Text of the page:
design IV: telltale signs of disapproval

(Note a subtype of design interview is the SDI.) When interviewer asks, as described in https://www.susanjfowler.com/blog/2016/10/7/the-architecture-interview:

  • why you choose this approach (this design, this direction…)
  • what are the pros and cons of this approach
  • what alternatives there might be

It’s 80% a sign of disapproval.

If they are only curious, they would phrase it differently.

Remember interviewer has a rather fixed idea how this design should go. If you propose something unfamiliar to her, she can’t “lead” the interview with confidence. She risks losing control. Therefore, she has no choice but steer you back to her familiar territory.

Most of them won’t want to admit that your idea is plausible but different from her idea.

Advertisements

IV batting average#biased guesstimate; no obsession

Disclaimer… These numbers are seriously unscientific and heavily biased and subjective. They are also biased due to the sample — I probably excluded many cases.

Out of a hypothetical 720 positions applied,

across java #no HFT across c++ non-HFT HFT
No. shortlisted based on CV 1/3 like 240 1/3 – 1/4 like 180 same as c++[1] like 180
No. passing initial screening 2/3 like 160 2/3 i.e. 120 1/3 like 60
No. technical win [3] 1/2 like 80 1/2 i.e. 60 20%[2] i.e. 12
No. offers 1/2

[1] HFT firms are very open and welcomes everyone to apply

[2] I feel if I keep trying I will pass an HFT tech interview! but if I don’t fit in, it’s not easy to find another HFT job.

[3] proved my competence (at least to myself) i.e. can do the job, but they may not like some perceived “weaknesses”, technical or communications.

CV-competition: Sg 10x tougher than U.S.

Sg is much harder, so … I better focus my CV effort on the Sg/HK/China market.

OK U.S. job market is not easy, but statistically, my CV had a reasonable hit rate (like 20% at least) because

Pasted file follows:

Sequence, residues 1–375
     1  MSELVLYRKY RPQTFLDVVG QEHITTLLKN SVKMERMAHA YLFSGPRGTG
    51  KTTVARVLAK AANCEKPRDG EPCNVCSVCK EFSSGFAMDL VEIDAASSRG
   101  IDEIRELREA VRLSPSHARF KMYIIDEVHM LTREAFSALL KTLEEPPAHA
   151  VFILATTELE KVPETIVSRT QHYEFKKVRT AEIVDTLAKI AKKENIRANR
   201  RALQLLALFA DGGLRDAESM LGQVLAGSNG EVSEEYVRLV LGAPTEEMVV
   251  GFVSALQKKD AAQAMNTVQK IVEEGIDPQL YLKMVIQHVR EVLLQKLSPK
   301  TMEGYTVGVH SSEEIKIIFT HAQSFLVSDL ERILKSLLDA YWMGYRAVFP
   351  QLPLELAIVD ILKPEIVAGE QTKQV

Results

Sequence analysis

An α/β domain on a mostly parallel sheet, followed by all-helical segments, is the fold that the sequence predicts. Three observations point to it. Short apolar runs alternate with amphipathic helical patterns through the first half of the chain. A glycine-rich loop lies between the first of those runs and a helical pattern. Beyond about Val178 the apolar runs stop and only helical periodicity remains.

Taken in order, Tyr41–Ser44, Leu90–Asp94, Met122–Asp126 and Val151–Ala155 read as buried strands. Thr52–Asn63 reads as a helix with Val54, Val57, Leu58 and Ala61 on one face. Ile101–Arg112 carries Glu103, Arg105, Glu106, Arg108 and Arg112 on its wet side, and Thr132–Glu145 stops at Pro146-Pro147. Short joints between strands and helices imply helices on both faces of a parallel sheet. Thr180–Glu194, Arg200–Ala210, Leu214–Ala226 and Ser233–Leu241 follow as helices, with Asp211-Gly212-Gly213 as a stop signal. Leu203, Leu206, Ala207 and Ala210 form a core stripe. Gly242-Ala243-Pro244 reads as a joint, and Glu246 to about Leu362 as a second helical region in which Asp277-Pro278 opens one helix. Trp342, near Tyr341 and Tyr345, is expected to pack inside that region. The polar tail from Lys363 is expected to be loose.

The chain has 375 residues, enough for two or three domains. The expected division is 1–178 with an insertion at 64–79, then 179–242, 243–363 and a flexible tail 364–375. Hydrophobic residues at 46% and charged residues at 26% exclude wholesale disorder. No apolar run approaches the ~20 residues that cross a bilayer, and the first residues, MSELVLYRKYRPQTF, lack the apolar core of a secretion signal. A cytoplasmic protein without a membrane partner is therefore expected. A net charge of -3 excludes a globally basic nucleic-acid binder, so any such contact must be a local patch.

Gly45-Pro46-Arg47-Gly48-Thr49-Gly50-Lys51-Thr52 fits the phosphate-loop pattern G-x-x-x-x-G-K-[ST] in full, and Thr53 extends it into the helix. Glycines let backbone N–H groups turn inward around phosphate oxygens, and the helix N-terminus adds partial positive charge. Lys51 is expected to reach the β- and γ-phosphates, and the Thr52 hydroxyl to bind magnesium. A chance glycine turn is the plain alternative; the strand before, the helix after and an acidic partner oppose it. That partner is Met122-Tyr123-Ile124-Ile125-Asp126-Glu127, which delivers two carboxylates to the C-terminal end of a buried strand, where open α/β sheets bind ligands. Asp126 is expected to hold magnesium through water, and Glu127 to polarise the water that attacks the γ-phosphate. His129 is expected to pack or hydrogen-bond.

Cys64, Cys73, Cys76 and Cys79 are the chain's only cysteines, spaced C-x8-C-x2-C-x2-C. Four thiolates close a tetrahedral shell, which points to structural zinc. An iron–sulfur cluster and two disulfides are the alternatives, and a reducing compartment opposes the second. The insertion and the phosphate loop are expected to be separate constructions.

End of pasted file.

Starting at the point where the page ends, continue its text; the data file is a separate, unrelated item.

• contract employers don’t worry about my job hopper image
  • contract employers have quick decision making
  • some full time hiring managers are rather quick
  • age…
  • Finally, the number of jobs is so much more than Sg

 

tech screening passed(but still rejected): pat on your own back

Always remember that before you invested months of serious effort, you couldn’t pass the tech screening.

One of my fundamental principles — focus on tech screening and don’t worry about offer. Once I pass technical screening, it becomes a beauty contest or personality match. If interviewers don’t like a competent candidate for age, face, language, lackOfHumor, communication style (often related to culture, nationality and up-brining) …, then I will grin and say never mind. Sooner or later someone will like my personality.

They may say candidate is cocky, opinionated … There’s no right or wrong here. Another interviewer may not feel that way.

The average programmer doesn’t have an off-putting personality, definitely not in an interview, so for every 3 interviewers who don’t like him, there will be some interviewer out there who likes him.

 

coding IV^QnA: relative importance

Let’s focus on technical screening but put aside SDI questions, which are sometimes like QnA .

  • In terms of “weighting” assigned by employer — coding 50/50 QnA on average, though only on-site coding is authentic. If an interviewer uses on-site coding, then it would often have higher weighting than the QnA portion.
  • interviewers’ time — coding 30/70 QnA. Interviewer needs to spend more time conducting QnA interview than coding interview.
  • candidate’s time — roughly coding 45/55 QnA. On average coding takes a candidate less time but more effort.
  • candidate’s effort — coding 70/30 QnA on average. QnA requires effort in advance but little effort during the interview.
    • I feel coding tests often require substantial concentration/effort but many people are not willing. One hour of coding test effort == 4 hours of project effort